Regardless of the reason, it's left everyone wondering about her judgment. The city got nearly a foot of snow and forced kids to travel on treacherous streets. And this benefits our mini not-yet-voting citizens how, exactly?

We must not have been the only ones thinking this was a mistake. Less than half of students actually showed up. And most of the ones that did were late.

Moreover, guess who else was absent from school that day? Cathie Black herself! Yes, peeps, she elected to spend a whole day on a press conference lauding her no-snow day decision, and postponed a planned trip to a Staten Island school. Of course, we can't really blame her. Have you seen the unplowed streets in that neighborhood?

But before we heckle "Chancellor"* Black off the stage entirely, let's give her another chance. Maybe she got some bad advice on one decision. How's she handling the real issues, like overcrowding? Well, she's got a unique solution, that's for sure.


"Could we just have some birth control for a while? It would really help us all out.”

*We say Chancellor in quotes because, well, technically this title belongs to an education adminstration who actually has a background in...um...education.

Thursday, January 13, 2011

Dear subway rider....

A note...from Poker Chick:

Dear subway rider,

After years of putting up with an unnecessarily horrible subway experience, I am determined to restore civility to our commuting experience and make a ride on the Manhattan subway truly worthy of what one would expect in the "capital of the world".

So please, for the sake of your fellow riders and humanity, read Poker Chick's 5 rules to restore civility and sanity to our transit system:
  1. To the unbelievably loud ipod listener: I cringe watching your eardrums disintegrate before my very eyes. Contrary to what you might think, I do not, in fact, enjoy the extremely loud hip hop music you blast. I do not feel like partying at 8:55am. Particularly when I haven't had my morning coffee.
  2. I know this might be hard to imagine, but if a stroller is open and not folded on the subway, there might actually be a child in there. It is not a resting place for your stuff, your posse's stuff, or your elbow.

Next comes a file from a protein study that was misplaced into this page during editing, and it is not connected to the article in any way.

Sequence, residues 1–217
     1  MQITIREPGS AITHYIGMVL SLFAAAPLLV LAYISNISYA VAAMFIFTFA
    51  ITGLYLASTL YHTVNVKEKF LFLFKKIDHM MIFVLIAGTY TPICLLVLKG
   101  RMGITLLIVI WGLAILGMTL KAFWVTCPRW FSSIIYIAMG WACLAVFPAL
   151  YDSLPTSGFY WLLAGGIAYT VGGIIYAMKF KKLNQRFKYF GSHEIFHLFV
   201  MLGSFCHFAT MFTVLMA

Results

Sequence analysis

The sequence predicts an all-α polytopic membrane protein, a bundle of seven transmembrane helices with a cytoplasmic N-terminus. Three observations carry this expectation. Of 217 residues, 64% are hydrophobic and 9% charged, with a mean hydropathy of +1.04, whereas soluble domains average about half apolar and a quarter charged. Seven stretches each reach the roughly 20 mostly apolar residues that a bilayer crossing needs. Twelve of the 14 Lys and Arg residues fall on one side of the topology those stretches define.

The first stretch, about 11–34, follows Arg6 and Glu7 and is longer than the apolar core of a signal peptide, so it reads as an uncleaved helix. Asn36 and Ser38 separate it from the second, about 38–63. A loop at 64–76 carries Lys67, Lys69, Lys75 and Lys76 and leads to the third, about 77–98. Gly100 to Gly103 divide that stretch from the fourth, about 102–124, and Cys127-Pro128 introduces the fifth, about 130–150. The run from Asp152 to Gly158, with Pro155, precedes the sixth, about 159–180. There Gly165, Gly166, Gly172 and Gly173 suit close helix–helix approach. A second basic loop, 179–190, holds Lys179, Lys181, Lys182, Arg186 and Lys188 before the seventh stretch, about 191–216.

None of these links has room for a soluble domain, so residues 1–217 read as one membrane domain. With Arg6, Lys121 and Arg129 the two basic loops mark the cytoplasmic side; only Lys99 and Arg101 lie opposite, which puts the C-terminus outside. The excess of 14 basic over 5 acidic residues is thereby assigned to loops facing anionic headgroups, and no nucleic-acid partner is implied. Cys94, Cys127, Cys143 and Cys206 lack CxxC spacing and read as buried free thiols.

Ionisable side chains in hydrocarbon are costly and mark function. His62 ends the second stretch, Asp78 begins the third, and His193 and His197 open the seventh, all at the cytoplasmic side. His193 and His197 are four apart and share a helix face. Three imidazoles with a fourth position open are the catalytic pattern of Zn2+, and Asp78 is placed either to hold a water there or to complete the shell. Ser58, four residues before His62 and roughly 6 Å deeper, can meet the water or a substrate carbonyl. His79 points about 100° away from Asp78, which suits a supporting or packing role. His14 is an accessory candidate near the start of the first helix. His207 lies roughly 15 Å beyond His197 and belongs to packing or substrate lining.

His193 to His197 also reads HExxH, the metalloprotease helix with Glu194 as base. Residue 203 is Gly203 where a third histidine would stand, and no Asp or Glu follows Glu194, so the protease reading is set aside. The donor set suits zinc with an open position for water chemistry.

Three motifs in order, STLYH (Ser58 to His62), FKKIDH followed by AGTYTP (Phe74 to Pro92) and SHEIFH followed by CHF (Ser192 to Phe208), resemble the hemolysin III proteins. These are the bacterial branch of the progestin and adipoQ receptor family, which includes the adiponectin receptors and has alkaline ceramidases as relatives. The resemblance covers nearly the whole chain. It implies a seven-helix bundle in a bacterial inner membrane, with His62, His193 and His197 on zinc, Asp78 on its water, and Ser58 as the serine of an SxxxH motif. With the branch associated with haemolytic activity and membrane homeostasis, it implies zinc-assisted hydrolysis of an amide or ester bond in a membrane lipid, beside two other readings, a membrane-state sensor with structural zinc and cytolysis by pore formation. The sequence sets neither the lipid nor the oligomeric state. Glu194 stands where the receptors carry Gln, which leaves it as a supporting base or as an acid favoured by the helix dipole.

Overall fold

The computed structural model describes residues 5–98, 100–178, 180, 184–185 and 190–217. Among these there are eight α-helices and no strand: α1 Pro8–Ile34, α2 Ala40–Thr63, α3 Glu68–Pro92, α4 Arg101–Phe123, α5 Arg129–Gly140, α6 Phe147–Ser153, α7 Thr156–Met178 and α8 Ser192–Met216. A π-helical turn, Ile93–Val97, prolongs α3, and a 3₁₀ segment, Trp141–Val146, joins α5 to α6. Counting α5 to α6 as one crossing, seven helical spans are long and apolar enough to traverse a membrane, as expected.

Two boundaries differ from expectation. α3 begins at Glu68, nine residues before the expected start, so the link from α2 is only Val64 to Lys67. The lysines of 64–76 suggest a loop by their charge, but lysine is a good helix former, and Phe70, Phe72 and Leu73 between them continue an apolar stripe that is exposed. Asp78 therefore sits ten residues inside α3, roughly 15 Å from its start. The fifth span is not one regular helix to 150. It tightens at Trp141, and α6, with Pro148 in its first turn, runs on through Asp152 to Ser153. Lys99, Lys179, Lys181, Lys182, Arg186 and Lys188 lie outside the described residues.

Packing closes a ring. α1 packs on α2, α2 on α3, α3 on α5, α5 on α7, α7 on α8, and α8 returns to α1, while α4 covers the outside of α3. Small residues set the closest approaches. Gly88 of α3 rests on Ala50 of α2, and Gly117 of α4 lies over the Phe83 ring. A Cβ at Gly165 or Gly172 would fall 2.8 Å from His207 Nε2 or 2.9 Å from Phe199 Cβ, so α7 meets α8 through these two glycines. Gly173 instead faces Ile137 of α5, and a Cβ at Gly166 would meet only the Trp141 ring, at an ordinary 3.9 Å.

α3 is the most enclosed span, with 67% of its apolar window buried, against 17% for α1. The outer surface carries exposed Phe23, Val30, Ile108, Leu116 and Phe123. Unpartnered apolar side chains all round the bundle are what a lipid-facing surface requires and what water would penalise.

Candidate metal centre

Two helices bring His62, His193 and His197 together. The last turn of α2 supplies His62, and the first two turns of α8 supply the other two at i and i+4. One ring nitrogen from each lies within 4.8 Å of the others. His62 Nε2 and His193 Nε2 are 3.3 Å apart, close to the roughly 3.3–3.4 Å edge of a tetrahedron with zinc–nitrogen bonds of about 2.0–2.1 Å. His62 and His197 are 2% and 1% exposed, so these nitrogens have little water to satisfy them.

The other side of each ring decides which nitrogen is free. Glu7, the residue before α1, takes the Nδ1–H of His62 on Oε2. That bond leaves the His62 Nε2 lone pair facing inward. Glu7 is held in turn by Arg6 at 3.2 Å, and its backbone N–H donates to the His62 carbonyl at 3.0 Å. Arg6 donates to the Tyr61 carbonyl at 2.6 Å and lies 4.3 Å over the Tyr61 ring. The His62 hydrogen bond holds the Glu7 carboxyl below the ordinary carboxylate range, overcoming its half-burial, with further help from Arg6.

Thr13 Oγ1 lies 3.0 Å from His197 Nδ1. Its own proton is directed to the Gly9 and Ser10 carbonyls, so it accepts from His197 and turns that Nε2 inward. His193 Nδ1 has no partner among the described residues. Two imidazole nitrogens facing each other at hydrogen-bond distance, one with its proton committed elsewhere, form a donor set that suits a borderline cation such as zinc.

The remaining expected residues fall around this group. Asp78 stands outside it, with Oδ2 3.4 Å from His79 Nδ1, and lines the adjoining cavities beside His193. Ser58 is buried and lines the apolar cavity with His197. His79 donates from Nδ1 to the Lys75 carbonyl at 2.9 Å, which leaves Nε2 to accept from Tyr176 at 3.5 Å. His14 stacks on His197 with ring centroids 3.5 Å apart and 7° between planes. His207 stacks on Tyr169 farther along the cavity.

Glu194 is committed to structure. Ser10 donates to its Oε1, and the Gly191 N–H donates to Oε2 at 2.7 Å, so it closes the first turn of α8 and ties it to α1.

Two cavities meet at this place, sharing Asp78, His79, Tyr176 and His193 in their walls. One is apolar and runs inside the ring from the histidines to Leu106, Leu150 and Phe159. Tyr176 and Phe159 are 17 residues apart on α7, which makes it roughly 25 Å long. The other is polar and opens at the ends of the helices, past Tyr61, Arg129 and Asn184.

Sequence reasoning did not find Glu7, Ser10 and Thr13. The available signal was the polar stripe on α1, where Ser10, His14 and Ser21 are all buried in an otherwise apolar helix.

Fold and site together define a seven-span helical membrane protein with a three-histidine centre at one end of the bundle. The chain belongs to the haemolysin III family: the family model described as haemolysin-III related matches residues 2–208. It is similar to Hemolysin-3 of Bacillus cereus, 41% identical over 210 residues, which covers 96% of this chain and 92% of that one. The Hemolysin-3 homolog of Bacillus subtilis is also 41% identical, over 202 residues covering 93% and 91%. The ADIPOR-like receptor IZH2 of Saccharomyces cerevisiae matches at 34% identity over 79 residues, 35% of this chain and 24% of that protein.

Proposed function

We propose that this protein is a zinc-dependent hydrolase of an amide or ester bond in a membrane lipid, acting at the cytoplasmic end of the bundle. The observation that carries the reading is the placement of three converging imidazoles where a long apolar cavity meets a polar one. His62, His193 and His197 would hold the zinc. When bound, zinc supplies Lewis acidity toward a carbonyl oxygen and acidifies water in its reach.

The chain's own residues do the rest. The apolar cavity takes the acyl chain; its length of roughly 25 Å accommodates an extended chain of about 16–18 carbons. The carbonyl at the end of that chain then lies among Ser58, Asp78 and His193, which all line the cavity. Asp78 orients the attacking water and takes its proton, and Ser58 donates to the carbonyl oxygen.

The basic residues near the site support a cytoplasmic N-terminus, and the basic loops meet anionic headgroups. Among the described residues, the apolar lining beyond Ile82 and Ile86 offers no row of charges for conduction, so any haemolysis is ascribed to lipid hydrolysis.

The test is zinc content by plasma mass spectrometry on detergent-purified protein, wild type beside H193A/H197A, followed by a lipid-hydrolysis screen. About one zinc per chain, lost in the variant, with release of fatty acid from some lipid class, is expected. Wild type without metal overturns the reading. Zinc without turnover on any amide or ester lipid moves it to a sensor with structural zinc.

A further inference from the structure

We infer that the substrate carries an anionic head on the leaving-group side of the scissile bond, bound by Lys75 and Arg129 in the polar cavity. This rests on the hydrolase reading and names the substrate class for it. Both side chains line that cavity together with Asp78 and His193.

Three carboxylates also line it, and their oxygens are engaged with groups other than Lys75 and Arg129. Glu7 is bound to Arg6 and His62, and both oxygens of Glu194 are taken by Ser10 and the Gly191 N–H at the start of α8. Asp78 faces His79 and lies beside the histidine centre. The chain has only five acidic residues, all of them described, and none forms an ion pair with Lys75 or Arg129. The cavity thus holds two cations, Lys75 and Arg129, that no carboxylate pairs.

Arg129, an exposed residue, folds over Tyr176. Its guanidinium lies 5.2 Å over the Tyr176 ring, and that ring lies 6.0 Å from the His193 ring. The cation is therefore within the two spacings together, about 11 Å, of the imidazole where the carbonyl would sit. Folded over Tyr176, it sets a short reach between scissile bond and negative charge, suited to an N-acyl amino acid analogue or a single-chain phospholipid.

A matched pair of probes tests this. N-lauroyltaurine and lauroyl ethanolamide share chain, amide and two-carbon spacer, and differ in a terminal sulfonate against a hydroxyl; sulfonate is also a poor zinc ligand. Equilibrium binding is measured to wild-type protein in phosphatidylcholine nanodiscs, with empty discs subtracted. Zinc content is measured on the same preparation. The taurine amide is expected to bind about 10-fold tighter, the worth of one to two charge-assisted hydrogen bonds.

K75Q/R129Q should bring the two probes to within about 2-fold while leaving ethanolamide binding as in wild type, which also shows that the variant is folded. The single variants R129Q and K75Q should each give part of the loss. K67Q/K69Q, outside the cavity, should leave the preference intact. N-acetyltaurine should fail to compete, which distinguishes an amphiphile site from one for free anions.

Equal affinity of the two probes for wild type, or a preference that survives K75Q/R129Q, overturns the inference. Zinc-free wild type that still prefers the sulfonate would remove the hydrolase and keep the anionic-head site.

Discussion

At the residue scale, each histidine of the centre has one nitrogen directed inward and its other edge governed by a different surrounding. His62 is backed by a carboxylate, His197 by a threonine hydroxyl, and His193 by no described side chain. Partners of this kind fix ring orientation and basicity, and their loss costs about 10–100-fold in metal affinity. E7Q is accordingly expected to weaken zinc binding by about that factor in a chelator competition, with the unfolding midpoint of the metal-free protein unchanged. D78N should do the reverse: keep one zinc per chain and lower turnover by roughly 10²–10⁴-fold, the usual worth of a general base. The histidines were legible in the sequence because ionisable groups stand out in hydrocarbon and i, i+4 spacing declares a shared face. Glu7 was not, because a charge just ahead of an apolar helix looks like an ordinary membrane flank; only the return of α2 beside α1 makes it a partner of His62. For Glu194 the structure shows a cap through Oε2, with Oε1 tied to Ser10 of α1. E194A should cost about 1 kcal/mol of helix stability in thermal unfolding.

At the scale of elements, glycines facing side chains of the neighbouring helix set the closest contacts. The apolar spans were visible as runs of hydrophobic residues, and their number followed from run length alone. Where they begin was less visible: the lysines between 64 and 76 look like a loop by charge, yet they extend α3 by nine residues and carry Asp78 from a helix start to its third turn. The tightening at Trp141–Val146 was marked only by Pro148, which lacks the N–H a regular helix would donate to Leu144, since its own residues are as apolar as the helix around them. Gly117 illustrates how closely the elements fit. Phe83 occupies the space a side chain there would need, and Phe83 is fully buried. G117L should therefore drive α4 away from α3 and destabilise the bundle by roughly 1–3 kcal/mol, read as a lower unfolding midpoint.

3. If you've asked me to move forward, and I don't, did you ever stop to think I might not be able to? I don't just stand there to block people and annoy you. Do you think I like you pressing up against me so close I can feel your sweat dripping on me? No, I would move far, far away from you if I could. So if you ask me to move, and I can't, I know this sounds crazy but it might - just might - not be the best idea to push me until I'm trampled on the floor and the elbow of the person in front of me is halfway through my diaphragm.
  4. If there are only two seats open in the whole subway car, and people are packed like sardines, perhaps it's not the most thoughtful thing to sit down and lean forward with your legs spread open so wide we're all waiting for your pants to split. You really do not need that second seat just for your knee. We can all see you and I promise no matter what you might think *it* does not need that much room to breathe. I'm just sayin'.
  5. The anonymity and crowding in the subway is not an excuse to lose all your manners, morals, and decency. So keep your hands to yourself, pervert. Your little whistle isn't fooling anyone.
Manners aren't that hard, peeps. We're not asking you to know which utensils to you use. Just to keep your not-nearly-as-lovely-as-you-think-they-smell hands, knees, elbows, and loud music to yourself.

With sincere thanks,

Poker Chick

Monday, January 3, 2011

Time to change up your New Year's Resolutions

As Poker Chick has a tendency to think strange thoughts, she often wonders what foreigners think of our country. For example, say you're a foreign cultural anthropologist studying various societies and how they observe a new calendar year. And let's say for argument's sake you live in a bubble and are rather unfamiliar with American culture.* And let's say for further argument's sake that instead of interviewing people, you start your study by watching television to understand people.

What you see
  • Too many diet commercials to count
  • Ads for finally getting out of debt this year!
  • Save on your taxes
  • Savings on cars - best deals ever!
  • A plethora of dating commercials
  • Job hunting ads
What you conclude

All Americans must be fat, lonely, broke, unemployed, and lacking transportation.

Think about it. Television is largely a reflection of popular culture. It's a sad, sad picture we paint for the world, peeps.


*Clearly, if this is the case, you're the world's crappiest anthropologist but we're trying to make a point here

Saturday, January 1, 2011

And tonight's understudy is....

Typically, these last minute updates aren't the best of news. So imagine Poker Chick's surprise when she looked in her broadway program for the New Year's Day performance of American Idiot only to see that the Green Day frontman himself was playing a starring role that night*.




Surprise! Did she like it when he sang "Time of Your Life" at the end of the show? Yes, she did! Not a bad way to start the new year. More importantly, here's hoping the rest of the year is good to all of you.


Happy New Year from







*For curious peeps, we looked it up. Turns out this was day 1 of a few planned performances. Who knew? Apparently, anyone who had actually picked up a newspaper.